• What is a deed of company arrangement?

    A deed of company arrangement is a legal agreement of compromise by which creditors allow directors to regain control of a company that has been in voluntary administration.

    The reason creditors agree to a deed of company arrangement is because they believe it will deliver them a higher return than if they put the company into liquidation.

    However, the directors aren’t given full control of the company; instead, they have to follow the conditions laid out in the deed of company arrangement. The deed of company arrangement will state:

    • How much money the company will repay to creditors
    • Which assets it will use to repay creditors
    • How regularly it will make repayments
    • How large these instalments will be
    • The order in which creditors will be paid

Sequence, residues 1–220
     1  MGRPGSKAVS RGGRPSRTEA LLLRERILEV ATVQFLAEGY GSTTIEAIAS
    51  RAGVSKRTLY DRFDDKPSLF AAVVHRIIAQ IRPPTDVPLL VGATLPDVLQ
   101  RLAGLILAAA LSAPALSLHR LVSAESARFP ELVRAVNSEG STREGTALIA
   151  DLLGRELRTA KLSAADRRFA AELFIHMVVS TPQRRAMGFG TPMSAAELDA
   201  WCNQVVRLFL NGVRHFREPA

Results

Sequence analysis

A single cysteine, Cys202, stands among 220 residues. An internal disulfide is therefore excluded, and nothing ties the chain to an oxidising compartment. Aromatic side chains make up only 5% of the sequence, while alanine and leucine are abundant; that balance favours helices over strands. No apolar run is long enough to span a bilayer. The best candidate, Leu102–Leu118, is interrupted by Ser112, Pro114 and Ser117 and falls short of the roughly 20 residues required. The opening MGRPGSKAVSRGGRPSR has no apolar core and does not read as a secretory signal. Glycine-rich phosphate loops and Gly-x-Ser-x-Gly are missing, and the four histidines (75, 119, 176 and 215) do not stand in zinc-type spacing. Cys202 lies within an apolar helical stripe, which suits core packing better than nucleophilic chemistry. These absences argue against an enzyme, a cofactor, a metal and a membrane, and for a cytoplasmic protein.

• The potential consequences of violating the deed of company arrangement

    A deed of company arrangement is overseen by a deed administrator. The deed administrator is usually the same person who acted as voluntary administrator.

    If creditors vote for a deed of company arrangement, the company must sign it within 15 business days – otherwise, the company will be put into liquidation. Once a deed of company arrangement is signed, it is binding on:

    • The company
    • The voluntary administrator
    • The directors
    • Secured creditors who voted in favour of the deed of company arrangement
    • All unsecured creditors (even if they voted against the deed of company arrangement)

    During a deed of company arrangement, directors must notify the deed administrator if they believe a violation has occurred or is likely to occur.

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